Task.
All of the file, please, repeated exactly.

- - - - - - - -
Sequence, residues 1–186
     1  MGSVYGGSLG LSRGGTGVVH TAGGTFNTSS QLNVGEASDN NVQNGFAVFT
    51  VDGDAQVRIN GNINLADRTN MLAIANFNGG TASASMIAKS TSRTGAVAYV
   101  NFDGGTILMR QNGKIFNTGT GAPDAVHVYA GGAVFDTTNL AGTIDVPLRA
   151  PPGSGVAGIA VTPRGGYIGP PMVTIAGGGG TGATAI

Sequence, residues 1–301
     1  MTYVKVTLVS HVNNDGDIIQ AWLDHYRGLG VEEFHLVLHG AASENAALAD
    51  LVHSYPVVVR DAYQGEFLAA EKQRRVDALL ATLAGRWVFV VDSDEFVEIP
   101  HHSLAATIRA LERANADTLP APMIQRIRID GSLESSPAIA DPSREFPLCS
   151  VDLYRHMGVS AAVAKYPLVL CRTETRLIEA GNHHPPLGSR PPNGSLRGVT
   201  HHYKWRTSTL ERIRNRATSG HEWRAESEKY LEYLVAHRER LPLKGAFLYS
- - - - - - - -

Sequence, residues 1–186
     1  MGSVYGGSLG LSRGGTGVVH TAGGTFNTSS QLNVGEASDN NVQNGFAVFT
    51  VDGDAQVRIN GNINLADRTN MLAIANFNGG TASASMIAKS TSRTGAVAYV
   101  NFDGGTILMR QNGKIFNTGT GAPDAVHVYA GGAVFDTTNL AGTIDVPLRA
   151  PPGSGVAGIA VTPRGGYIGP PMVTIAGGGG TGATAI

Sequence, residues 1–301
     1  MTYVKVTLVS HVNNDGDIIQ AWLDHYRGLG VEEFHLVLHG AASENAALAD
    51  LVHSYPVVVR DAYQGEFLAA EKQRRVDALL ATLAGRWVFV VDSDEFVEIP
   101  HHSLAATIRA LERANADTLP APMIQRIRID GSLESSPAIA DPSREFPLCS
   151  VDLYRHMGVS AAVAKYPLVL CRTETRLIEA GNHHPPLGSR PPNGSLRGVT
   201  HHYKWRTSTL ERIRNRATSG HEWRAESEKY LEYLVAHRER LPLKGAFLYS